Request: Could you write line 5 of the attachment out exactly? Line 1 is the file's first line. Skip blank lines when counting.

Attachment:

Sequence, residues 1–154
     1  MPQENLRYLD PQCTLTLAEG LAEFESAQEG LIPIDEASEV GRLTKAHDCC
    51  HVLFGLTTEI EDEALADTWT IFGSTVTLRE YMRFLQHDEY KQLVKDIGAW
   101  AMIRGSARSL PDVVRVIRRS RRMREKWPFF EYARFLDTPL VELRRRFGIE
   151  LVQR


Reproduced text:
   151  LVQR